Semage recreates the life of the Buddha in Lumbini temple

From birth to enlightenment
By Tharindu Premaratne, Pic by Sanka Vidanagama

He has lovingly laboured over a beautiful bronze statue of the infant Prince Siddhartha and also painted many an intricate mural at Lumbini just before his return to Sri Lanka two weeks ago.

‘Enlightenment’, ‘Queen Maha Maya’s Dream’, ‘Defeating Mara’, ‘Sujatha’s Meal Offering’, ‘The First Discourse’ and ‘Parinibbana’ encompass the magnitude of the work at Lumbini that Kalasuri Jayasiri Semage has undertaken at the first Theravada Buddhist temple being set up by Sri Lanka at the birthplace of the Buddha.
“I mixed Ajantha and Sigiri frescoes to create a new style.”

Following in the footsteps of ancient masters, Semage has decided to paint the huge ceiling of the temple with lotuses, similar to the Dambulla and Polonnaruwa Periods.

“I mixed Ajantha and Sigiri frescoes to create a new style,” says Semage, for ancient frescoes have always had a lasting effect on him. “After finishing I hope to have done a better job than Ajantha and Sigiri frescoes,” he remarks with a smile.

His trips back and forth to Lumbini began recently on being invited by a committee appointed by President Mahinda Rajapaksa to undertake the sculptures and painting of the murals at the temple, in his unique style.

Semage works with a few amateur artists as assistants, guiding them at every step and doing the major part of the work himself. Using water-based acrylic colours, with a special background, he says they have to be very careful when selecting the materials because the weather could otherwise destroy the painting. The climate in Nepal varies from time to time, becoming very hot and then very cold.

Describing Lumbini, Semage says, although there are many Mahayana temples, this is the only Theravada temple there. It is the first of its kind in Nepal and will be constructed on a grand scale.
“The temple is about a hundred yards from Lord Buddha’s birthplace,” says Semage, explaining that the murals will tell the story of the Bodhisatva Siddhartha on his road to enlightenment.
Semage working on a mural in the first Sri Lankan temple in Lumbini.

The temple project was started during the time of President Ranasinghe Premadasa but did not see completion. It has been revived under the Mahinda Chintanaya and is supported by the Nepali government.

At the entrance to the temple is the 40-foot Makara thorana (pandal) designed by Semage depicting a dragon, complete with the sun and moon motifs. Figures of lions representing the Yapahuva Period will adorn the pandal’s entrance. There will also be a Sandakada Pahana (moonstone), representing the Anuradhapura Period at the foot of the pandal.

Then the visitor will come upon the 3.5 foot bronze statue of the infant Bodhisatva, which was ceremonially opened recently. Meanwhile, scenes depicting the birth of Prince Siddhartha are being painted on the walls measuring 19 ft. X 10 ft. in the shrine room. “We have tried to depict the life of Buddha and tried to always create a flow, a rhythmic beauty to the murals,” says Semage.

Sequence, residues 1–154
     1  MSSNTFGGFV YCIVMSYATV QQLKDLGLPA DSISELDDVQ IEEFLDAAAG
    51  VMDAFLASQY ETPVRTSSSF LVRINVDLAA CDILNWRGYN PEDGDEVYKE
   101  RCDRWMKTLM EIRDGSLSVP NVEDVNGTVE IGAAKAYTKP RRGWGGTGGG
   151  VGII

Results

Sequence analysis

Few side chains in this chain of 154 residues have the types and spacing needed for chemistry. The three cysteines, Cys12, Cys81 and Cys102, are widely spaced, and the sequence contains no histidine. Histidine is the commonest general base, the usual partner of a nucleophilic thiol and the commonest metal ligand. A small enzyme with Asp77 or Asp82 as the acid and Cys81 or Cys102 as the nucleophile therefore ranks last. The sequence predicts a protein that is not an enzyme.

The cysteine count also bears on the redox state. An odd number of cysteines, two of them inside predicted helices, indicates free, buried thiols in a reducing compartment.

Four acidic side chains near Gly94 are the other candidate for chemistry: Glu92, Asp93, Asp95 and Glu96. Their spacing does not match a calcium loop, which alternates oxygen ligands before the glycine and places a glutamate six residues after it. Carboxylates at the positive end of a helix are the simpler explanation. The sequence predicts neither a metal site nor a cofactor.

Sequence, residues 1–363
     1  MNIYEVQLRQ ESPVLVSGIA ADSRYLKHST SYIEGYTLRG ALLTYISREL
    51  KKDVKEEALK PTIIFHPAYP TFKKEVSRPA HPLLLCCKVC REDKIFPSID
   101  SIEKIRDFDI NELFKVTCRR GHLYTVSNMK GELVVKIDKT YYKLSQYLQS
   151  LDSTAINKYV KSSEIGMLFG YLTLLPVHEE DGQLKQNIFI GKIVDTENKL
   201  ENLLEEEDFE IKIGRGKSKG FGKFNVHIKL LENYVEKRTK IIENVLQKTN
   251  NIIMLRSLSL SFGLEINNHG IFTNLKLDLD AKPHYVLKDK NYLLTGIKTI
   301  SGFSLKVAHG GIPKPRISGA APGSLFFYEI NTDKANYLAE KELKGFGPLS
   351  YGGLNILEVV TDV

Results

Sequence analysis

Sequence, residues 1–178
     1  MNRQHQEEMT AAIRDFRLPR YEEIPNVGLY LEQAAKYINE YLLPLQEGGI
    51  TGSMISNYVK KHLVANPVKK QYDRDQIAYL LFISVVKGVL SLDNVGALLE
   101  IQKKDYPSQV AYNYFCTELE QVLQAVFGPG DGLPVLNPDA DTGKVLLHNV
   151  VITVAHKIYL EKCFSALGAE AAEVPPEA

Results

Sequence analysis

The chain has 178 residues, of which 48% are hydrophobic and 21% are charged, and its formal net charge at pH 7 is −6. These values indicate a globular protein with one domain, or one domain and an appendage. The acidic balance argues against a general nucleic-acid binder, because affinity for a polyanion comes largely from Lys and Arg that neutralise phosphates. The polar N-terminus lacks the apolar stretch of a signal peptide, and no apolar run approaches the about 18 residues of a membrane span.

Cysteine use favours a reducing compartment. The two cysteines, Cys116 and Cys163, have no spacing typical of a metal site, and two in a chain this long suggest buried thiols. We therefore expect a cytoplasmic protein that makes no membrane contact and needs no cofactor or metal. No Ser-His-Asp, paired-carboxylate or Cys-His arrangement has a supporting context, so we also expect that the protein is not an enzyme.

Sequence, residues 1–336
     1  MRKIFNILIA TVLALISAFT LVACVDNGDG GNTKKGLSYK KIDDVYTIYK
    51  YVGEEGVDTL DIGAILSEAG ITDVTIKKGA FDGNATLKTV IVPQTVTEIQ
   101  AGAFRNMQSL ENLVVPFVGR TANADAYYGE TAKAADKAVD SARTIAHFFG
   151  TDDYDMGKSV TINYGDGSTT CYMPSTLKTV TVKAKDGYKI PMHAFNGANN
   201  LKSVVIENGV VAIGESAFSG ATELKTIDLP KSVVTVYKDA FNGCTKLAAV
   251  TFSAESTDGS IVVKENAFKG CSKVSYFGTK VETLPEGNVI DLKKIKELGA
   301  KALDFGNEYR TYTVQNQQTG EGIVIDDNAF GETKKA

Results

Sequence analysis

On the other side of the chamber are the Jataka stories like the Nalagiri Dhamanaya and Angulimala.
Coming from a remote fishing village in Ambalangoda, this humble artist recalls how at the age of five, he was asked to draw the first letter of the Sinhala alphabet, the “ayanna” on the class blackboard. Picking up the chalk, the little painter drew what resembled the head of an elephant with its trunk. It was then that his teacher predicted that he will be an artist one day.

Later, while busying himself with school work, the young Semage would also paint pandals, joining art clubs and winning honours from the Royal Drawing Society of London. The painter would visit the village temple after school to study the murals there. He says he admired the lotuses and other depictions of nature and found the paintings of that day to be detailed with rich shades of blue and red.

This extravagant colouring of the statues and murals, the artist attributes to the influence of Indian culture. This aspect and a few others of such murals, Semage would change for his own work. He says that these attributes themselves were what led to his selection to undertake the Lumbini project, by the committee.
Another of his paintings in the temple.

“If George Keyt had Picasso, I had those ancient murals,” he says. What followed those visits to the colourful murals of the temple was a spectrum of experimentation which allowed Semage to come up with the new colour schemes he has used today. He has refrained from using blue in his work and uses sober shades of orange and green for his Lumbini artwork.

He varied not only the combination of colours but the composition as well. Pointing at the creation titled ‘Enlightenment’, he said that this scene from the buddhacharitha is usually depicted with gods and goddesses leaning over in obeisance.

“I have instead given more attention to mother-nature, showing how the birds chirped and trees, leaves and vines paid obeisance to the Buddha,” says Semage, adding that those very trees and ponds that would have been there when Prince Siddhartha was born may still be there.

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